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Coagulation

Hereditary thrombophilia / hypercoagulopathies

Elevated coagulation factor levels in plasma


Reviewer: Jeremy Parsons, M.D. (see Reviewers page)
Revised: 21 June 2012, last major update June 2012
Copyright: (c) 2002-2012, PathologyOutlines.com, Inc.

General
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● May predispose to thrombosis

Factor I (fibrinogen):
● High levels associated with increased risk for myocardial infarction and arterial thrombosis
● Often elevated in hospitalized patients since it is an acute phase reactant
● Not recommended to measure to assess thrombotic risk, since assay has not been standardized
● Independent effect appears to be modest
● Insufficient clinical data to demonstrate that lowering fibrinogen will prevent ischemic heart disease

Factor II (prothrombin):
● High levels associated with increased risk of venous thrombosis
● See also prothrombin G20210A mutation
● Standard activity assays are not useful in assessing individual patients for hyperprothrombinemia - use the genetic assay

Factor V:
● High levels associated with increased risk of arterial thrombosis
● Not recommended to measure to assess thrombotic risk, since not associated with venous thrombosis
● Only one study relates factor V activity and ischemic heart disease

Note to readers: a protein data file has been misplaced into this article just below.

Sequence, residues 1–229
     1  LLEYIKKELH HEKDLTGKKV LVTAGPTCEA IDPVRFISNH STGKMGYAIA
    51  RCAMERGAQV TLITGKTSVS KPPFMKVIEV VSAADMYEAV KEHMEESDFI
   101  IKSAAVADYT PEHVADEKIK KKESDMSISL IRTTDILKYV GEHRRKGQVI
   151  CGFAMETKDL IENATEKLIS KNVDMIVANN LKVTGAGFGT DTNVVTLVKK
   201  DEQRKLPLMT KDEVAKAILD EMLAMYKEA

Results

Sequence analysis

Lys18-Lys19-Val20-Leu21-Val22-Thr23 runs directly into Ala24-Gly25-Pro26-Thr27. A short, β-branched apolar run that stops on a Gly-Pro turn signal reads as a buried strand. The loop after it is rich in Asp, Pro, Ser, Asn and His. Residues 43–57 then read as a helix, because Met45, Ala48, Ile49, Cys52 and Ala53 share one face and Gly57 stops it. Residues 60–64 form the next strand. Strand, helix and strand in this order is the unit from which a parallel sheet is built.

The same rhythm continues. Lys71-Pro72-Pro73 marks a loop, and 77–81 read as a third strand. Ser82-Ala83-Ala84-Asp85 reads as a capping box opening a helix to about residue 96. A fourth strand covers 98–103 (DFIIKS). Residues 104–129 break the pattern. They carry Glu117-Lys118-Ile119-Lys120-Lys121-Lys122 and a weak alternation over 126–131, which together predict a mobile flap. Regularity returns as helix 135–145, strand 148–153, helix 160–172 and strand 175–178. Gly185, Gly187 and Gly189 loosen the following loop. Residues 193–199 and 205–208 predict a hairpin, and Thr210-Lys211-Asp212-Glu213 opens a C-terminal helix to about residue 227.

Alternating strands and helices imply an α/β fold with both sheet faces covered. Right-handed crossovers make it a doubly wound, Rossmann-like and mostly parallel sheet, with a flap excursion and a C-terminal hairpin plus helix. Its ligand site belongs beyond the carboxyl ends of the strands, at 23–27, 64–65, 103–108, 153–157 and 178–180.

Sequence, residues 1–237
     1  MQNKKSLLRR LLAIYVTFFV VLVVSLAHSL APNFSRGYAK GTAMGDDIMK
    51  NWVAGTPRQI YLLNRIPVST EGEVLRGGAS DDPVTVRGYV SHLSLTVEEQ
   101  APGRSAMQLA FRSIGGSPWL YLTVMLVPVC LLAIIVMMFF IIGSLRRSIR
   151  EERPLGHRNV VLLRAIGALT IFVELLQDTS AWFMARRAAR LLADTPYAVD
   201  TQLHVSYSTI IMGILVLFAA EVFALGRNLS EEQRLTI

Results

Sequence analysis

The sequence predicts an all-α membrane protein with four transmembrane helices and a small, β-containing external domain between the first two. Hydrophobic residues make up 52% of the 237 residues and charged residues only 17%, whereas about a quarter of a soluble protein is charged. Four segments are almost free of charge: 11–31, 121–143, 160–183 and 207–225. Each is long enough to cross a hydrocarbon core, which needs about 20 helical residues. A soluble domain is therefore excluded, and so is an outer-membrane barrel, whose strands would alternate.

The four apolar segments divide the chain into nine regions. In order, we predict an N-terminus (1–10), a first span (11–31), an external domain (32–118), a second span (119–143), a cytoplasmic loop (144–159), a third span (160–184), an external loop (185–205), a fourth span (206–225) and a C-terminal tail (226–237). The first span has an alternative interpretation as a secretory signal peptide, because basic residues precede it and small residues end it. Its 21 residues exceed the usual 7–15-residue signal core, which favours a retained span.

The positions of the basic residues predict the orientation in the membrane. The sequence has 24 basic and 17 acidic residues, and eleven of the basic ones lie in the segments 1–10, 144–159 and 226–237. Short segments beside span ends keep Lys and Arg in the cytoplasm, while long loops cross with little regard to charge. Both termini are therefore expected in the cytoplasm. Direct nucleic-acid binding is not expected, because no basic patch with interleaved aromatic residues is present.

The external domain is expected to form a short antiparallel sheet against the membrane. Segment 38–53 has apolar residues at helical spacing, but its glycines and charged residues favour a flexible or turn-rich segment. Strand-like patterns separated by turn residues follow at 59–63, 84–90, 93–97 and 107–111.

● Methodology is inadequate to assess individual levels; there are no studies showing that reduction of factor V activity will reduce risk for ischemic heart disease or stroke

Factor VII:
● High levels or certain genetic polymorphisms are associated with increased risk for myocardial infarction, but not an independent risk factor
● Levels are associated with triglyceride and cholesterol levels

Factor VIII:
● High levels associated with increased risk of venous thrombosis and arterial thrombosis
● However normal range varies about 3 fold, levels vary with ABO blood type (15% lower with type 0) and is acute phase reactant
● If no acute stress reaction, no aerobic exercise in past 24 hours, no estrogenic effects, then baseline value >150% is a risk factor
● Not recommended to assess individual risk because no established standard for elevated levels, tremendous interlaboratory variation

Factor IX:
● High levels associated with increased risk of venous thrombosis
● Not recommended to assess individual venous thrombosis risk due to limited amount of clinical data and limited availability of factor IX ELISA

Factor XI:
● High levels (>121%) associated with increased risk of venous thrombosis
● Not recommended to assess individual venous thrombosis risk because:
      (1) factor XI assays are not generally available
      (2) one step clotting assay and PTT based assays may be too variable
      (3) may be affected by other variables

Factor XIII:
● Polymorphism Val34Leu may protect against venous thrombosis (Arch Pathol Lab Med 2002;126:1391)

von Willebrand factor:
● High levels associated with increased risk of arterial thrombosis
● Not recommended to assess individual thrombotic risk because it is not an independent risk factor, and no studies show that reduction of vWF levels reduces risk of ischemic heart disease, stroke or peripheral arterial disease

Additional references
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Arch Pathol Lab Med 2002;126:1405, Thromb Haemost 2009;102:936
Goodnight Jr., Scott, & Hathaway, William (Eds.). (2001). Disorders of hemostasis & thrombosis: A clinical guide. New York, NY: McGraw-Hill.

End of Coagulation > Hereditary thrombophilia / hypercoagulopathies > Elevated coagulation factor levels in plasma


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